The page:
Roots of elementary monomials

Let $m_\lambda(X_1,X_2,...X_N)$ be a monomial symmetric function with partition $\lambda$.

For example:

$$m_{(3,1,1)}(X_1,X_2,X_3) =X_1^3X_2X_3 + X_1X_2^3X_3 + X_1X_2X_3^3$$

Is there a general formula for roots of $m_\lambda$ if $X_j$ is restricted to elements of $\mathbb C$ with $\| X_j \|=1$?

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Could you define what is a symmetric monomial with partition $\lambda$ ? – user18119 Nov 12 '11 at 22:39
Ah sorry, that's not very good explained. See en.wikipedia.org/wiki/Symmetric_polynomial – draks ... Nov 12 '11 at 23:03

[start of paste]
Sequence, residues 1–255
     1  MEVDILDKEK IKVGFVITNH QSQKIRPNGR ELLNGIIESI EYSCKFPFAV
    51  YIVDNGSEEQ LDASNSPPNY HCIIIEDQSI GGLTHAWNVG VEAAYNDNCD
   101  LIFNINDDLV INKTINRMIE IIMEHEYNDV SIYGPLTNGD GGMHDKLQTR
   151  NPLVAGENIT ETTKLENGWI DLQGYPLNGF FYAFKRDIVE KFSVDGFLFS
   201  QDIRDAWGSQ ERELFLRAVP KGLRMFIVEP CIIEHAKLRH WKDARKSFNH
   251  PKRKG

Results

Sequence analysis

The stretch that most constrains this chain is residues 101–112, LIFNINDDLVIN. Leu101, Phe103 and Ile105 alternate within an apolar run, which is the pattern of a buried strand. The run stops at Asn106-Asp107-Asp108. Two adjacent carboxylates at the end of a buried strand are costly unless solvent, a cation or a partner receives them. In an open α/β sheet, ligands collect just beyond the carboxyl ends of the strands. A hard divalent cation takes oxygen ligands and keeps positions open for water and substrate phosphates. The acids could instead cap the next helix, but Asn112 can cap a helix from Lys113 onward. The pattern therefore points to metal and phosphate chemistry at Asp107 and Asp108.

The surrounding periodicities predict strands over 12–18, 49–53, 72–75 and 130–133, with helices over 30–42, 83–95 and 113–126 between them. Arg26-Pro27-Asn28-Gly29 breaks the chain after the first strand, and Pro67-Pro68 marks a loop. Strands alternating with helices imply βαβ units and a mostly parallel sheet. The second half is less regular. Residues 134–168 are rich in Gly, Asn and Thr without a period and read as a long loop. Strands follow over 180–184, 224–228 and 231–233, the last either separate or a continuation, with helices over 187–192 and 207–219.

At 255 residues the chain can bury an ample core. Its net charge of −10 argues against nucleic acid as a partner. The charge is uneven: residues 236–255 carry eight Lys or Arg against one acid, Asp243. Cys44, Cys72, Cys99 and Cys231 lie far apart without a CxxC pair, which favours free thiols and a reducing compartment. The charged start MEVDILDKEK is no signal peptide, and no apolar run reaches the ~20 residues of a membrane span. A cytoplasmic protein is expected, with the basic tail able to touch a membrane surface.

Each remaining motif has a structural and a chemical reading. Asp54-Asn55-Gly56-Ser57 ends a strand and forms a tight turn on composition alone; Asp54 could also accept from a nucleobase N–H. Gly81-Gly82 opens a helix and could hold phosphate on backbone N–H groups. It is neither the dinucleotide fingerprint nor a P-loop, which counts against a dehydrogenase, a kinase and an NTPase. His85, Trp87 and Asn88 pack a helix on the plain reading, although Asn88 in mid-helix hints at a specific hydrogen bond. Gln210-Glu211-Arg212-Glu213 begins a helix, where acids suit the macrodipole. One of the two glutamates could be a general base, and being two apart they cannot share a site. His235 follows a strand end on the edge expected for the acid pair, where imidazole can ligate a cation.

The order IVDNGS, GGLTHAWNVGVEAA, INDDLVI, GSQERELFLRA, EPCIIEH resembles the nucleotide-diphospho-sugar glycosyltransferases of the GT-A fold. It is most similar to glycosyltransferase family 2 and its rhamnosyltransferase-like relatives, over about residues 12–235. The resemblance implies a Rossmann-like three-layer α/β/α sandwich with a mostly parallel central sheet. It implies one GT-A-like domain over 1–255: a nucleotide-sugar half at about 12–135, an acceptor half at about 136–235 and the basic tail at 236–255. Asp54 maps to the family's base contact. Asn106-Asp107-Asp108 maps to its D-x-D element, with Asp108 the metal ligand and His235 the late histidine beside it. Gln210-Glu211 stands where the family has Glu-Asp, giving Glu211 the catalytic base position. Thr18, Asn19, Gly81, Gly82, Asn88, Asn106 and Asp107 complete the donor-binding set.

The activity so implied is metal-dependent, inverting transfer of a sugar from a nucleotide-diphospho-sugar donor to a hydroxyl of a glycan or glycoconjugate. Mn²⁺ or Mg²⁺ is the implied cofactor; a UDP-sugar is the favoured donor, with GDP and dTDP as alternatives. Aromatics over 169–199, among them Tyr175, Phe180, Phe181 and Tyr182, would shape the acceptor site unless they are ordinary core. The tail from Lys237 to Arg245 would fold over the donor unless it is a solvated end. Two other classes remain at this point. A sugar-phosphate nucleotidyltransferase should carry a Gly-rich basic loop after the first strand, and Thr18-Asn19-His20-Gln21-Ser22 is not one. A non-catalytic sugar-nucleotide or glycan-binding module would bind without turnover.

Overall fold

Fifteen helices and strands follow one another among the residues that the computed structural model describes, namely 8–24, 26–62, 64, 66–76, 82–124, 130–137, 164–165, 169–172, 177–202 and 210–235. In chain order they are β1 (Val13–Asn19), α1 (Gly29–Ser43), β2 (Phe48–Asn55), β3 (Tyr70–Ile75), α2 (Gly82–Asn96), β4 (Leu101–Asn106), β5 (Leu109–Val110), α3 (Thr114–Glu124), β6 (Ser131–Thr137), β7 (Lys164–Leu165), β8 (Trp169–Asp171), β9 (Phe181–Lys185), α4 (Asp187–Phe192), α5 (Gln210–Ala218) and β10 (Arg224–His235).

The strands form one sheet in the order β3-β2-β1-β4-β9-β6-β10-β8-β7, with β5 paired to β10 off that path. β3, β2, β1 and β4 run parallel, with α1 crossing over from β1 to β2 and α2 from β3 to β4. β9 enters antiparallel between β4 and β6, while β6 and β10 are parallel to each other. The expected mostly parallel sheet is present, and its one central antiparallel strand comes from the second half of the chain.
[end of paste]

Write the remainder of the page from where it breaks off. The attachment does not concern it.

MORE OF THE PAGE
"monomial" means one term; what you have are polynomials. – Gerry Myerson Nov 13 '11 at 3:25
The usual term is not a "symmetrical monomial", it is a "monomial symmetric function". – Phira Nov 13 '11 at 12:48

I doubt it. Let's look at $m_{(1,0,0,0,0)}$. You want the solutions of $$a+b+c+d+e=0$$ with all variables on the unit circle. It will be hard enough to find a formula for that special case, much less for the general case.
Note that $m_{(1,0)}$ is $a+b=0$ which is solved by $a=e^{it}$, $b=e^{i(t+\pi)}$. Then $m_{(1,0,0)}$ is $a+b+c=0$, which forces $a,b,c$ to be vertices of an equilateral triangle. Next, $m_{(1,0,0,0)}$ is $a+b+c+d=0$, and with a bit of work you can show that $a,b,c,d$ must be vertices of a rectangle. But once you get up to 5 unknowns the geometric argument doesn't give you anything that simple.
Not sure I follow you. $m_{(2,0)}$ gets us $a^2+b^2=0$ which is still a one-dimensional problem. – Gerry Myerson Nov 19 '11 at 11:05